There is a lot of ambiguous and misused terminology in cooking... added to that, different countries have specific legal definitions for foodstuffs that vary from one jurisdiction to another. Gammon vs. Ham Some sources call it gammon if it is raw, while others claim gammon differs from ham because it is cured with the belly and then detached, whereas hams ...


4

I wouldn't recommend a mandoline for meat because clean slices of meat require a lateral motion with the knife. It wouldn't hurt to try it once just to see (especially after the next recommendation), but I'm pretty sure that your best bet is a sharp knife. Put the pork in the freezer, still in its packaging, for 20 minutes. That's not long enough to ...


4

Serrano ham has a much "milder" and nuttier taste than regular prosciutto. That is the beauty of the Serrano - made from a heritage breed of a specific type of hog, fed delicious nuts - the ham is mild, delicious, and should literally melt on your mouth - Anthony Bourdain likes to smear it across his lips too before devouring each piece, so you could do it ...


3

This is really an issue of risk. The USDA's recommendation is not to consume meat that has experienced more than four hours of cumulative time between 40° and 140° F. Essentially, that means that the level of risk of illness from food-borne pathogens is acceptable in that range. The government's position is that 5 hours beyond a level of risk that they are ...


3

I've done this with both diced prosciutto and thinly sliced prosciutto. For the diced, tossing in a little oil and searing seems to work best. For the thinly sliced, popping it on a cast iron surface and placing it in a 350 degree oven does very nicely.


3

First, consider substituting the recipe altogether as replacing the main meat and expecting similar results is just unreasonable. That said, here are some broad suggestions: Pork Tenderloin: Veal tenderloin. Pork Chops: Veal chops, or even Chicken breast. General non-cured pork meats: Veal. Pork Sasauges: Beef sausages of the same spice mix. (you'll need ...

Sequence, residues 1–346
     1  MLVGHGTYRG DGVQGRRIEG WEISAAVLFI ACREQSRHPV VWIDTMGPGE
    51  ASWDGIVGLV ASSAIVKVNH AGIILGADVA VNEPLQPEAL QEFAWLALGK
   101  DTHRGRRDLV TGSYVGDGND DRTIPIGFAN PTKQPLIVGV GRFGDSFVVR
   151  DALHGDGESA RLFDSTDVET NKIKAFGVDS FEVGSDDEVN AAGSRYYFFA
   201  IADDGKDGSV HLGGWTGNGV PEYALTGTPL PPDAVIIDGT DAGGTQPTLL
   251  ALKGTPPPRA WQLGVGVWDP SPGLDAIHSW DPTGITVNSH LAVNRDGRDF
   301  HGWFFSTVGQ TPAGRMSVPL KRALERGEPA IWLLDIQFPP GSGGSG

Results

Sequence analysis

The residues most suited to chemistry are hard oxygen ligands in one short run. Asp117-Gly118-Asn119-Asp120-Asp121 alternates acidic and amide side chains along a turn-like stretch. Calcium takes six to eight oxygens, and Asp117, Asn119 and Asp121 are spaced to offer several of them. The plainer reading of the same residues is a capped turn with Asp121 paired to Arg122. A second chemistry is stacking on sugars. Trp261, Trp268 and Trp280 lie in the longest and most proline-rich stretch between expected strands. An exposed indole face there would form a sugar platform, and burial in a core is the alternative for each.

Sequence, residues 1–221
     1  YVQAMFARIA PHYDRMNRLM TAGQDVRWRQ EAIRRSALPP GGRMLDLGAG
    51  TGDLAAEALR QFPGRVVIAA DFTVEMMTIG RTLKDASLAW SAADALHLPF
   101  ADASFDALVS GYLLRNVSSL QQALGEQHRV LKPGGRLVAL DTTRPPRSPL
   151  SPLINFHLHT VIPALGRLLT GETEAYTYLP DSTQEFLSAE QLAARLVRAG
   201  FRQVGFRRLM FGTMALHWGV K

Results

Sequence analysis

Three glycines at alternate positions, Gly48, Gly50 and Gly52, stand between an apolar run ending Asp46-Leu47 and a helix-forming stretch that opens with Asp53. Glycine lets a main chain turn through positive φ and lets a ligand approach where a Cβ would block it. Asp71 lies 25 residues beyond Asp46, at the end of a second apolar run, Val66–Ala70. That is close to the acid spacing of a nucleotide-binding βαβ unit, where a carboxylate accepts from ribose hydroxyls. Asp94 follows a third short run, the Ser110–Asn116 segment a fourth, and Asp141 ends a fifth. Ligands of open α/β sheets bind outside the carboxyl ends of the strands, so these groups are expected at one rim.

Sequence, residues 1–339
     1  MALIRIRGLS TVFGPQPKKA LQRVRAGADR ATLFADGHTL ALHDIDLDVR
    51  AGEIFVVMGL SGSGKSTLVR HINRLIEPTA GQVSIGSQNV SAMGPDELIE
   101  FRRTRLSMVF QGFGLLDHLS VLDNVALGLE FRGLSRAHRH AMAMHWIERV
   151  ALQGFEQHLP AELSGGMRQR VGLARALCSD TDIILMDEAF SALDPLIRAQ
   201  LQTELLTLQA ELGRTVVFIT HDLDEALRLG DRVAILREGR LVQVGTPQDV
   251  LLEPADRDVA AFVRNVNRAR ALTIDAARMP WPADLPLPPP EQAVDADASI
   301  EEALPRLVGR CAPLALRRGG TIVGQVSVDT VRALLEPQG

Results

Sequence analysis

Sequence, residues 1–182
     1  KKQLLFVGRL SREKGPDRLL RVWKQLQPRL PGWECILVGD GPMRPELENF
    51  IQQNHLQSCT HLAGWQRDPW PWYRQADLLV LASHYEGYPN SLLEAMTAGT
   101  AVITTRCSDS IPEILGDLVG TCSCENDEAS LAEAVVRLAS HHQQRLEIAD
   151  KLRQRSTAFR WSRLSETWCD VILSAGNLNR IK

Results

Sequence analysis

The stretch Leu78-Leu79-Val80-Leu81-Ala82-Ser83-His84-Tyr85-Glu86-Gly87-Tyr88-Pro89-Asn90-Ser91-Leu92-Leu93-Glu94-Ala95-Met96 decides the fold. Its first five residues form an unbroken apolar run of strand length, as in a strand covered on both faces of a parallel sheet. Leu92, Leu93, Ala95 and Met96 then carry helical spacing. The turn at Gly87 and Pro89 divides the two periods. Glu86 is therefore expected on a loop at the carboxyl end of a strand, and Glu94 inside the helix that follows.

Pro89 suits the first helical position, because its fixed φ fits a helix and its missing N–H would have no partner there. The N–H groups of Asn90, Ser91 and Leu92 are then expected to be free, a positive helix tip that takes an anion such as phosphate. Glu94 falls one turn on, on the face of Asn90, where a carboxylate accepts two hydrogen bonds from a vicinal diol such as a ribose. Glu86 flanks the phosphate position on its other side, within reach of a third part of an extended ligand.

3

Dextrose is another name for the sugar glucose. In the US most powdered dextrose and/or glucose syrups are produced from corn starch, in the UK and other European countries they may be made from wheat or other starchy plant sources. According to a 2008 study from Finland, even though wheat based glucose syrup was found to contain low amounts of residual ...


3

Pineapple brings a touch of acidity, sweetness, and general fruitiness. I am going to assume you would have been using canned pineapple, so the enzymatic action is not really a factor (and it would be stopped as part of the cooking process). It is also hearty enough in texture to stand up to the baking. For the juice, I would recommend basic orange juice, ...


3

Based on my experiences with sweet-and-sour asian dishes, I'd say good or even okay mango would work just as well, if not be an improvement. (I find canned pineapple or pineapple juice to be cloying or bland compared to fresh, and generally like mango better in savoury foods.) If you're going to puree / juice, and not eat it as-is, you can "fix" it not being ...